The U.S. Supreme Court was expected on Friday to take action on same-sex marriage cases involving California Proposition 8 and the Defense of Marriage Act, but the justices apparently need more time to consider the claim that gays and lesbians have a fundamental right to marry.
The Prop. 8 case and five other cases related to the 1996 federal law, DOMA, were on the agenda for the justices' weekly private conference on Friday, but the court maintained silence over those cases after the meeting and did not give any explanation.
The sponsors of the November 2008 California measure, which defines marriage as between a man and a woman, are seeking Supreme Court review after it was declared unconstitutional by a federal judge in 2010 as well as by a federal appeals court in February.
Sponsors of the initiative want a state's authority to ban same-sex marriage to be affirmed, and have described the February ruling by the 9th U.S. Circuit Court of Appeals as a "judicial death sentence for traditional marriage laws." The appeals court struck the measure on narrow grounds, saying because gay couples in the state had been given the right to marry, a federal initiative could not later take it away.
DOMA, which also defines marriage as a union between a man and a woman and denies numerous spousal benefits to same-sex couples who married under the laws of their states, has also been declared unconstitutional by two federal appeals courts and several U.S. District Court judges.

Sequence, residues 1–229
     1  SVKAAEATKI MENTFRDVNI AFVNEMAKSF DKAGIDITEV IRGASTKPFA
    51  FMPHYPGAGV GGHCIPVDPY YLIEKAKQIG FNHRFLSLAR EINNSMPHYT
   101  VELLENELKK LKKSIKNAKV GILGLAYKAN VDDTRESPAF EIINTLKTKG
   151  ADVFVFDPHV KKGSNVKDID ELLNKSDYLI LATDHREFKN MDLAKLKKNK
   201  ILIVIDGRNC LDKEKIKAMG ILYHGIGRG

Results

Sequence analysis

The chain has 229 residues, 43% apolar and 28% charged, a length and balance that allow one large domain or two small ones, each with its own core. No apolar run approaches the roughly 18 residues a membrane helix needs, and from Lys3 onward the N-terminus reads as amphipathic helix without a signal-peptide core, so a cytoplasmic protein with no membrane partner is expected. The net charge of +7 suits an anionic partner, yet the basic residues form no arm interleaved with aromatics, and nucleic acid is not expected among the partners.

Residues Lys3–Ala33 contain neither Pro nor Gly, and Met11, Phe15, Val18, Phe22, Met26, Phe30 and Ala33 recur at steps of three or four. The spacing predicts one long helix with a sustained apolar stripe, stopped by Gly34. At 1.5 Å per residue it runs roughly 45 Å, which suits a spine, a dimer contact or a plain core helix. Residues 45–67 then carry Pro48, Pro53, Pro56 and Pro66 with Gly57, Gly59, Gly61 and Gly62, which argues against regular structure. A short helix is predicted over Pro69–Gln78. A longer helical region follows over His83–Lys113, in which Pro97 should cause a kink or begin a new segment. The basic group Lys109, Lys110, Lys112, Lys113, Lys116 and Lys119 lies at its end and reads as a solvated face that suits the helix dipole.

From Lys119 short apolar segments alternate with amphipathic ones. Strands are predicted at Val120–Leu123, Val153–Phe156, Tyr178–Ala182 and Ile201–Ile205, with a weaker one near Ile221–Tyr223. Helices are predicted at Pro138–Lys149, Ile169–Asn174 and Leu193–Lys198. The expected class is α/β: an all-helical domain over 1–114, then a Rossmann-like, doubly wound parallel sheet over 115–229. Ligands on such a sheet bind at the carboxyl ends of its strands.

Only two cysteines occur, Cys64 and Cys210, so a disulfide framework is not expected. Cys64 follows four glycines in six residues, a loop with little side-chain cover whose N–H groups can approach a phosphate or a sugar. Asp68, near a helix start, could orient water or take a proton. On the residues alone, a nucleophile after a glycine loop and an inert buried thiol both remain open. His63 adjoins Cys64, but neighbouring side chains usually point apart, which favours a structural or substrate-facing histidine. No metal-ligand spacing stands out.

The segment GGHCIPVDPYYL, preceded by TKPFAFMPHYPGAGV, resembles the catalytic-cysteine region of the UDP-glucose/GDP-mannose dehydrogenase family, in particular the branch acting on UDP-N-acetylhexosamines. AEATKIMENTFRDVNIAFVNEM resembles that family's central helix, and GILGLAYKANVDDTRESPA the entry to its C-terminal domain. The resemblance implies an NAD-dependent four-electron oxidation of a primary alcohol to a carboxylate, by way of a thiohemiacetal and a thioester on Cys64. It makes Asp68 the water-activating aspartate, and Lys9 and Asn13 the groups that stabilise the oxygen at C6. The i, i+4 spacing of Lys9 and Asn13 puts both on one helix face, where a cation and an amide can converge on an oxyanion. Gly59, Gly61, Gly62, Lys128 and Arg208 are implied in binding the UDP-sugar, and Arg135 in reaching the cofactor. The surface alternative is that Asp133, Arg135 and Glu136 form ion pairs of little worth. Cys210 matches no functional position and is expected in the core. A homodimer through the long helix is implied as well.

The court's press office told reporters on Friday that further orders indicating grants or denials of review will only be released on Monday morning. Monday's list normally carries cases in which review has been denied.
Justices may also delay their decision on the appeals until a later date.
If the Supreme Court rejects the review appeal for Proposition 8, same-sex marriage will become legal in California within days.
Cases are expected to be argued in March, and a decision is likely by the end of June.
The Supreme Court justices' meeting on Friday came three weeks after proponents of traditional marriage were dealt a blow on Election Day in November when four U.S. states voted by referendum to legalize same-sex marriage. Previously, the seven states that have permitted gay marriage all reached the decision through the court or legislative process.
President Barack Obama has expressed his support for gay marriage and has said that his administration will not defend DOMA. However, traditional marriage advocates hope that the Supreme Court will be able to make its own decision on the law initially enacted by Congress.
As many as 31 states have amended their constitutions to ban gay marriage. North Carolina was the most recent to do so about six months ago.